As sentences go, it’s a veritable life imprisonment, lasting for 109 words. That’s three words more than the mood-setting second sentence of this book, in which Mr. Bell is said to experience “a growing warmth that spread through his broad bosom like the aftereffect of a double jigger of single-malt scotch,” etc."
Ouch. So give the Times credit for allowing for an opposing view about one of its wunderkinds on its own pages. Bark is not alone in his sentiments.
Henry Goldblatt in Entertainment Weekly graded Top of the Morning with a "C," who accuses Stelter of having a vendetta against Matt Lauer--who wouldn't talk to Stelter--over how he treated Ann Curry during the "Today" mess that led to her ouster (Curry also clammed up). But:
"Just as disturbing are Stelter’s Hemingwayesque sentences (in length, not substance), hackneyed analogies (Today is Coke! Good Morning America is Pepsi!), and antipathy for the medium he covers (“Wisely — not a word you will see all that often in a book about television…”).
Then there's Andy Lewis in The Hollywood Reporter , who dings Stelter for his "purple prose" and "love of gossip."

Maybe the book isn't all it's cracked up to be. Or, maybe there are a lot of people in the biz who are jealous of Stelter, who founded a well-read blog--TV Newser--at an impossibly young age, and at just 27, files more stories to the Times than just about any other reporter. That could be the topic for another book, though not one Stelter should think about writing.

Wednesday, April 10, 2013

USA Today Makes Strange Advertising Bedfellow

Daily News Takes the Money Anyway For Its Work-In-Progress Mobile Site

As I was scanning the mobile version of the (N.Y.) Daily News, what should be viewed as an unusual banner ad kept popping up at the bottom, even in these desperation-driven times in the troubled realm of newspaper advertising.

It was there that readers were offered an opportunity to click to get a discounted subscription for USA Today for $10 a month. In other words, a newspaper selling ads for another newspaper.

Granted, the degree of overlap between a typical Daily News reader and one who might regularly scroll USA Today is likely limited. And if someone is reading the News on an Android, chances are better than even they're not plunking down a George for the real thing. But even if it's not Macy's reluctantly taking ads for Gimbels (as he seriously dates himself), that the News or whichever digital ad behemoth it uses to sell banners would cough up real estate on its home page to a putative rival is a bit unseemly and certainly sad.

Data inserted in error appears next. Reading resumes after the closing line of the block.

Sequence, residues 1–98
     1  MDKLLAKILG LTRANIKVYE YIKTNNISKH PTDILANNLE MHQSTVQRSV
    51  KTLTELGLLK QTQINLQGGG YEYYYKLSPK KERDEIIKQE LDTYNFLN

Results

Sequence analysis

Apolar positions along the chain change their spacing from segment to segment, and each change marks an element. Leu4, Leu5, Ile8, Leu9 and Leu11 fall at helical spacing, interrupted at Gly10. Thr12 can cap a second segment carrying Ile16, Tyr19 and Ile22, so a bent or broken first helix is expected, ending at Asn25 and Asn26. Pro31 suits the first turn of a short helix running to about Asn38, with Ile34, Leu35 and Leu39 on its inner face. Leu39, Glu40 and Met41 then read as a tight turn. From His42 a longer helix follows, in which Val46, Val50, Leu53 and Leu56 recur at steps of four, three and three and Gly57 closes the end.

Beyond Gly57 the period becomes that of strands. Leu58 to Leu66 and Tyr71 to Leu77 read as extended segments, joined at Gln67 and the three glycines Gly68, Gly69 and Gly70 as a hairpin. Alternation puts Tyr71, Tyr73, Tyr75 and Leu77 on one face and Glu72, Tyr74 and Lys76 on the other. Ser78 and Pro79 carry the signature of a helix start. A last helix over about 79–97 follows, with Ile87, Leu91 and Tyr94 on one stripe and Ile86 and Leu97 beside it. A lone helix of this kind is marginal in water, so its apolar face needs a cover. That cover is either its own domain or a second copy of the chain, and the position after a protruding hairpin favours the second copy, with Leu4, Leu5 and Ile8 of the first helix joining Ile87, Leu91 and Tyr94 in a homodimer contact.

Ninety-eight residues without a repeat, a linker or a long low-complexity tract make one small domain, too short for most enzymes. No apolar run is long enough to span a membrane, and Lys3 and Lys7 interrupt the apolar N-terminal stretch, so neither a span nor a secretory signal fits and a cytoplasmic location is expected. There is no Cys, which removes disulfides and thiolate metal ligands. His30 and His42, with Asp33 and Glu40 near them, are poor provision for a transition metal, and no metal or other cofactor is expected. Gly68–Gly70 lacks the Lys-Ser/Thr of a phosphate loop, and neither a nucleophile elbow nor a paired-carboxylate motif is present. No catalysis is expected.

What the News should be working on more is the user-unfriendliness of its mobile incarnation. Exactly what is the real difference between the "Metro View" and "America" sections, anyway? Not much, unless you scroll to the borough tabs in the former. Ah, the tabs. For the city, that means Bronx, Brooklyn, Queens and, uh, "Uptown." Apparently, the News has no readers in Manhattan below 125th Street. Who knew?

Only thing: if you're going to have sections, you have to do a better job of restocking the shelves and removing the journalistic equivalent of moldy bread. On April 10, we should not still be seeing prominently featured a March 31 story about a dead Columbia co-ed.

While you're at it Newsies, make those tabs a little easier to the touch. I felt like all thumbs pressing on the "Mets" tab in the sports section and stories about the Knicks kept coming up. And why not also include the sports columnists--some of the best in the biz--in the sports section, rather than just lumping them in with the paper's other columnists in yet another section. The sports columnists are destination reading, so you shouldn't have to go on a maddening journey to find them.

If making people work for their free content is a way for the News to gently encourage people to buy the paper, it won't work. At least not as long as the New York Post site is free. And I haven't seen any USA Today ads there.